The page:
This is correct:
They were married on the first of April 2014, and divorced five years later.
The difference between
had married and
were married, is that with "were", we are saying they became married - that is, the acquired the adjective of "married" - they went from being not married, to being married.
However, the construction "they had X" implies that X is a verb, which needs an object. So, you could say "They had married their partner" or "they had gotten married" (in which case "gotten" is the verb, and "married" is the object). But "they had married" is not a complete sentence.... Usually.
Brian Hitchcock explains in another answer what else is wrong with the sentence, and makes the point that "they had married" can be correct, depending on context - firstly, in that the object can be implied rather than stated, in which case you are saying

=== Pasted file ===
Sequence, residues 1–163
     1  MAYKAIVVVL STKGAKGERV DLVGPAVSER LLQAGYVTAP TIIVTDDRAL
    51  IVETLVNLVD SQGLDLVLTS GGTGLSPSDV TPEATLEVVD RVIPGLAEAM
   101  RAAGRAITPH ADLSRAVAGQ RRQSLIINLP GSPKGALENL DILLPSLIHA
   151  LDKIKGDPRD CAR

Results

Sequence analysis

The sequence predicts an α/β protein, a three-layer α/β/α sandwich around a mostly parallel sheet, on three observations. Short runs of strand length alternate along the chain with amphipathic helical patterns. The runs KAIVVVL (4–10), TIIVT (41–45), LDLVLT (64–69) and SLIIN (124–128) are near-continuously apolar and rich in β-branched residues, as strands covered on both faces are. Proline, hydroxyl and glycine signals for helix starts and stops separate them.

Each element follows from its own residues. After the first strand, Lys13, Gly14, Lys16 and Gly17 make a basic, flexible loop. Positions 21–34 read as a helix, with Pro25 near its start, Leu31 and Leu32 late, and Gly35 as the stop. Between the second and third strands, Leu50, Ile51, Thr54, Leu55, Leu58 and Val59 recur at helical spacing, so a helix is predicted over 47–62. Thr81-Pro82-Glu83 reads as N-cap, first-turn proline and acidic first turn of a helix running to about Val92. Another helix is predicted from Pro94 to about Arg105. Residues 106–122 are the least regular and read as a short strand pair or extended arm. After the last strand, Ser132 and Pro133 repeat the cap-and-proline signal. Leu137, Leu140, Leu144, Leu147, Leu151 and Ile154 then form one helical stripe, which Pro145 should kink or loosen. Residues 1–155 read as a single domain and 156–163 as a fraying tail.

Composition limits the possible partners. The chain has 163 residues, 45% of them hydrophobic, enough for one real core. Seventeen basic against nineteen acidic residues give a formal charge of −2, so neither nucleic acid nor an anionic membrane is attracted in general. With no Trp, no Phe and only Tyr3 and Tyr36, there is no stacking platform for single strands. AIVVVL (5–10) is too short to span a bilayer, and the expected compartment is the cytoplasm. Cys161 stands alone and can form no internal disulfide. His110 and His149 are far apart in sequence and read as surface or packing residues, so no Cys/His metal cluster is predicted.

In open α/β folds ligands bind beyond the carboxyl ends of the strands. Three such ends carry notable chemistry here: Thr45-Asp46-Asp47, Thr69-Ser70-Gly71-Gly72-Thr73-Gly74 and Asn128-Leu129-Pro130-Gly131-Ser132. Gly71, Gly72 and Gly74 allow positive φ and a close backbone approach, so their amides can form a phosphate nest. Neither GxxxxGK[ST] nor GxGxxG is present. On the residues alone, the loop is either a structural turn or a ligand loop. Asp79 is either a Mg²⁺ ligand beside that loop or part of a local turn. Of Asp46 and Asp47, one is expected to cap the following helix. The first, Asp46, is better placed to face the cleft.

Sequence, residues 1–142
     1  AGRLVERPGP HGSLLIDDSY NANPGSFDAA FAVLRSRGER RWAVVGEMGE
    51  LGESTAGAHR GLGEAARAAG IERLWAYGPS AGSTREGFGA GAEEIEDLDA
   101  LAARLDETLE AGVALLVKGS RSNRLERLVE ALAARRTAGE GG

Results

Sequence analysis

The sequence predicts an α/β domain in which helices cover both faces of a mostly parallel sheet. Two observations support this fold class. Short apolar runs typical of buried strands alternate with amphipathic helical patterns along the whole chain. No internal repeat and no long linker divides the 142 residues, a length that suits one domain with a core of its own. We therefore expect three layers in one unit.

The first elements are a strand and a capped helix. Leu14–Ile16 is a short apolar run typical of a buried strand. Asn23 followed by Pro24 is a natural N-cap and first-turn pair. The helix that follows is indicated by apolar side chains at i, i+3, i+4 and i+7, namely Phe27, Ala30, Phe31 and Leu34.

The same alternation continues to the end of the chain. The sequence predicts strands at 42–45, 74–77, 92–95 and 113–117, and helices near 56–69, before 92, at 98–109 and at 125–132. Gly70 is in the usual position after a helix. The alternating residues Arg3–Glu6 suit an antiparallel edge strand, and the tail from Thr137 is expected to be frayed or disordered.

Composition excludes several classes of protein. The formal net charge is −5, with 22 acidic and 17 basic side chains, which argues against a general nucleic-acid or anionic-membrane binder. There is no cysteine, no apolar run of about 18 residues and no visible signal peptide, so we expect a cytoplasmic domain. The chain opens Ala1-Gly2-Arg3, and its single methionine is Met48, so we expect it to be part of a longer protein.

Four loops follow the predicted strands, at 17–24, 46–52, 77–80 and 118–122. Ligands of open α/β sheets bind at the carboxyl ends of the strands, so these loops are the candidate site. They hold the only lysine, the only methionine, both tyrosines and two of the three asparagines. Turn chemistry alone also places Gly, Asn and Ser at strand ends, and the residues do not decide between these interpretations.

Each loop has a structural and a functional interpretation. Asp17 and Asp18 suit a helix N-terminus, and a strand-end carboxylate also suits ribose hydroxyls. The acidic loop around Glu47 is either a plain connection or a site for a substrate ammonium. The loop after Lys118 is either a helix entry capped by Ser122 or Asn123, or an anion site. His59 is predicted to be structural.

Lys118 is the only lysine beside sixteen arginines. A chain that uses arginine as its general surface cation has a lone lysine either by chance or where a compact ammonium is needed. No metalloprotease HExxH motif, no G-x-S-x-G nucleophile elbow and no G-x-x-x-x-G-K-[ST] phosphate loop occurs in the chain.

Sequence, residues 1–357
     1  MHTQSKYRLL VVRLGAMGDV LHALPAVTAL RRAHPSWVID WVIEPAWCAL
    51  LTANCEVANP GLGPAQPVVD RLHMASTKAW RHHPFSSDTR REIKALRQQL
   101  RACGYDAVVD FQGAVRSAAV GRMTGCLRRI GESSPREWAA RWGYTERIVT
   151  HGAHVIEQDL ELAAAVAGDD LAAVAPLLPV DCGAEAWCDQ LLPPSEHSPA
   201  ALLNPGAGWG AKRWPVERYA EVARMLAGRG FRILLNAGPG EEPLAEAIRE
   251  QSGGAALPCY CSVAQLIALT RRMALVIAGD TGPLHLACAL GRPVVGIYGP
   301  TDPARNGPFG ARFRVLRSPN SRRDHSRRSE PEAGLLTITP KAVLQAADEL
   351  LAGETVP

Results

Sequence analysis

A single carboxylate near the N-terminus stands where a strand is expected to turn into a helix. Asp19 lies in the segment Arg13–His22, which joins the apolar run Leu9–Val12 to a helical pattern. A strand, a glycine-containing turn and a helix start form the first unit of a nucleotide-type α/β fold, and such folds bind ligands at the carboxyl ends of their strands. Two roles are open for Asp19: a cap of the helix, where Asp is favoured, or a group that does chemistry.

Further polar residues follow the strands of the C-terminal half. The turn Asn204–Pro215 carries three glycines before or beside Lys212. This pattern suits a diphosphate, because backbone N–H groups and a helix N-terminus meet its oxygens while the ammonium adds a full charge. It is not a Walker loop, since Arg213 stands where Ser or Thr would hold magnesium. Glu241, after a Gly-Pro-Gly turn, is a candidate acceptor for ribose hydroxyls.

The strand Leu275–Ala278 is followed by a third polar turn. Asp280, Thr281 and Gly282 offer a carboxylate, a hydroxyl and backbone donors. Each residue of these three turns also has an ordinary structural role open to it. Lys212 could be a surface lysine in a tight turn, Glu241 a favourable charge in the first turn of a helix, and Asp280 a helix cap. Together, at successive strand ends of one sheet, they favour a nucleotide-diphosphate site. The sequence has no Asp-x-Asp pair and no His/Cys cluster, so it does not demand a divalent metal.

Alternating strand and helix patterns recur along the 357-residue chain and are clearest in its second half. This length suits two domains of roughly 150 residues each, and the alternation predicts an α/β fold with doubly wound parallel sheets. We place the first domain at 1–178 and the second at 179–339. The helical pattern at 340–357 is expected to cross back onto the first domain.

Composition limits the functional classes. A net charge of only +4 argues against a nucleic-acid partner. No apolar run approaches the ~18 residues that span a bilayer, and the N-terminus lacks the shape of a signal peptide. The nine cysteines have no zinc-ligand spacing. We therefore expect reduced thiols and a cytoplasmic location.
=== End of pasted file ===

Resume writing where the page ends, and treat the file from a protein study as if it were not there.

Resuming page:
they had married [each other] in 2006.
Secondly, you can parse the sentence differently. I've been thinking of it as being in the past progressive tense, but you can also read the sentence in the past perfect tense, in which case "married" changes from being something they did, to something they have done. In that case,
had married would be entirely correct. This is a less common usage though as, colloquially, marriage is usually spoken of in the past progressive - at least it is in my experience, as an english speaker living in england.
Q1) Both of them are correct, depending on context. However, A sounds much more natural to a native speaker.
Q2) Both, again depending on context. Usually it's a verb, sometimes it's an adjective, very rarely it can be an adverb. Treat it as a verb, unless you're sure it's not.